Glen or Glenda
|Glen or Glenda|
|Directed by||Ed Wood|
|Produced by||George Weiss|
|Written by||Ed Wood|
|Narrated by||Timothy Farrell|
|Starring||Ed Wood (as Daniel Davis)
|Music by||William Lava (uncredited)|
|Cinematography||William C. Thompson|
|Editing by||Bud Schelling|
|Distributed by||Columbia Classics|
|Running time||65 minutes
71 minutes (1982 reissue)
Glen or Glenda is a 1953 exploitation film written, directed by, and starring Ed Wood, and featuring Bela Lugosi and Wood's then-girlfriend Dolores Fuller. The title was originally I Changed My Sex! and is often given as Glen or Glenda? but the question mark is not present in the film itself. A new musical score for the film was composed in 2010 by Michael Penny.
The film is a docudrama about cross-dressing and transsexuality, and is semi-autobiographical in nature. Wood himself was a cross-dresser, and the film is a plea for tolerance. It is widely considered one of the worst films ever. However, it has become a cult film due to its low-budget production values and idiosyncratic style.
The first part of the film begins with a narrator called The Scientist making cryptic comments about humanity. The film proper opens with Inspector Warren finding the corpse of a male transvestite named Patrick/Patricia, who has committed suicide. Wanting to know more about cross-dressing, Warren seeks out Dr. Alton, who narrates for him the story of Glen/Glenda. However, at several points Alton appears to address the viewer rather than Inspector Warren, and the unclear role of the Scientist as narrator makes things even more confusing. Glen is shown studying women's clothes in a shop window. Dr. Alton points out that men's clothes are dull and restrictive, whereas women can adorn themselves with attractive clothing. Glen reads about sex change operations in a newspaper, then meets with Barbara, his girlfriend, who asks if Glen's secret problem is another woman. The film then cuts to the infamous shot of the Scientist shouting "Pull the string!" as bison stampede onscreen. It is not clear what this is meant to mean; perhaps that Glen should act as puppeteer, controlling his own life instead of letting others dictate it. Another transvestite friend of his, John, tells Glen how cross-dressing ended his marriage. A bizarre dream sequence, containing some BDSM vignettes full of flagellation and bondage, reminiscent of the fetish films of Irving Klaw, follows. Glen then decides to tell Barbara the truth. She offers her an angora sweater as a sign of acceptance.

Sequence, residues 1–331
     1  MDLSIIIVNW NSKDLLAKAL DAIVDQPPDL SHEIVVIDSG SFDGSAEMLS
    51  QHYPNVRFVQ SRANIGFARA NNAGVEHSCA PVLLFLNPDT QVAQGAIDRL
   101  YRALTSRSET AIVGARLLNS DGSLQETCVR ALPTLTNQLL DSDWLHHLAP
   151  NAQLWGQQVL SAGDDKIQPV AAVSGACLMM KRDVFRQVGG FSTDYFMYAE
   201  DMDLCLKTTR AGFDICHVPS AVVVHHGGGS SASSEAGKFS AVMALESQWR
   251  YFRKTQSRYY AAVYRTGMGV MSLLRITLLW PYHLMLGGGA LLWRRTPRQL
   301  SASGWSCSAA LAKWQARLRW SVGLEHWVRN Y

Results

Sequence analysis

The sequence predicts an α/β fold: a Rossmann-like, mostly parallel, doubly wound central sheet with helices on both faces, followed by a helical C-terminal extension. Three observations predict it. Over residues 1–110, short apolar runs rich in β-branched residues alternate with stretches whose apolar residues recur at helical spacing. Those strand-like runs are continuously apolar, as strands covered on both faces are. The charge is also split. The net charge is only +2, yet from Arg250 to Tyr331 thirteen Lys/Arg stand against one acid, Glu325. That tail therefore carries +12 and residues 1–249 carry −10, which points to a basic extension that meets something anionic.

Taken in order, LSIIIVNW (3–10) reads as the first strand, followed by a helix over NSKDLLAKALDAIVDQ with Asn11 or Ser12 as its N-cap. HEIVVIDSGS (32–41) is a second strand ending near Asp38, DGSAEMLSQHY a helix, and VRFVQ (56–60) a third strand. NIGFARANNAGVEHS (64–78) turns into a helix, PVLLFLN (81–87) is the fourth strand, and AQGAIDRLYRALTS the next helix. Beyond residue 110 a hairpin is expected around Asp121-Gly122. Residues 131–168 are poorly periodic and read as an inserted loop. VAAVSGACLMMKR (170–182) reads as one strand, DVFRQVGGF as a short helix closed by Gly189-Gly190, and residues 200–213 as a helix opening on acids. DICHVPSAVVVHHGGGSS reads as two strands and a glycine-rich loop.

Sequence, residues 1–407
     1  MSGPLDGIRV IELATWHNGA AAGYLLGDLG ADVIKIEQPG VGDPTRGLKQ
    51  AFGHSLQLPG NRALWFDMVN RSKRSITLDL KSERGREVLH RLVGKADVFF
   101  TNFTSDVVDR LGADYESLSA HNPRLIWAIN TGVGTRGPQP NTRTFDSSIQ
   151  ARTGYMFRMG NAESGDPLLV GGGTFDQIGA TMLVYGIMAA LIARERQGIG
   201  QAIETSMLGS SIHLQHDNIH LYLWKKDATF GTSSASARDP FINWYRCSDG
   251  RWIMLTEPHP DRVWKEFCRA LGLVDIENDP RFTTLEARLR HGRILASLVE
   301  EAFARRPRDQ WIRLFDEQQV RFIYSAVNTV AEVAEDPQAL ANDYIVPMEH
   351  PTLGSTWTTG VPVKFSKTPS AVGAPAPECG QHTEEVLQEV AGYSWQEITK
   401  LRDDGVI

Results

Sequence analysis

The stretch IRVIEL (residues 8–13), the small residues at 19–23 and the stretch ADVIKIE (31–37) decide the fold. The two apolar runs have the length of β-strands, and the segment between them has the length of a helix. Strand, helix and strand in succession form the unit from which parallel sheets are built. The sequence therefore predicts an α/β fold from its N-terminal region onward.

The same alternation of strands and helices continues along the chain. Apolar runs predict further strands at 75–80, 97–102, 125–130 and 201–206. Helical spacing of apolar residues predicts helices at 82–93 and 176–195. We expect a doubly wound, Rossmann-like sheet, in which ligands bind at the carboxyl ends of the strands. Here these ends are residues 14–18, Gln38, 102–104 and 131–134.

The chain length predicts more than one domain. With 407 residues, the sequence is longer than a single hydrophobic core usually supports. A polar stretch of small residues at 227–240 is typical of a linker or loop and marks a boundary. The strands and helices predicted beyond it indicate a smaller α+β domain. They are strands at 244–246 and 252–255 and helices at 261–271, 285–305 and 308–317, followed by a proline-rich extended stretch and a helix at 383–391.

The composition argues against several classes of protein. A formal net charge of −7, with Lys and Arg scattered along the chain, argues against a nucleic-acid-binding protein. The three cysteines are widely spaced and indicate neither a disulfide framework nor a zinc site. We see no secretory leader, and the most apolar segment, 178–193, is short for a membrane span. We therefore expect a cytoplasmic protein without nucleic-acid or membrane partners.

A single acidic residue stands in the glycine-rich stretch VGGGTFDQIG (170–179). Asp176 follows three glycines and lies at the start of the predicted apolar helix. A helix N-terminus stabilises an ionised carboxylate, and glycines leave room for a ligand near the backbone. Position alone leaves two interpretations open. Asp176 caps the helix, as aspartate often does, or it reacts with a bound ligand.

- Timothy Farrell as Narrator / Dr. Alton
- Ed Wood (credited as "Daniel Davis") as Glen/Glenda
- Dolores Fuller as Barbara
- Bela Lugosi as The Scientist
- Lyle Talbot as Inspector Warren
- "Tommy" Haynes as Alan/Anne
- Charles Crafts as Johnny
- Connie Brooks as Banker / Reporter / Pickup artist / Bearded drag
Shot in four days, the film was loosely inspired by the sex reassignment surgery of Christine Jorgensen, which made national headlines in the U.S. in 1952. George Weiss, a Hollywood producer of low-budget films, commissioned a movie to exploit it. Originally Weiss made Jorgensen several offers to appear in the film, but these were turned down. Wood convinced Weiss that his own transvestism made him the perfect director despite his modest resume. Wood was given the job, but instead made a movie about transvestism.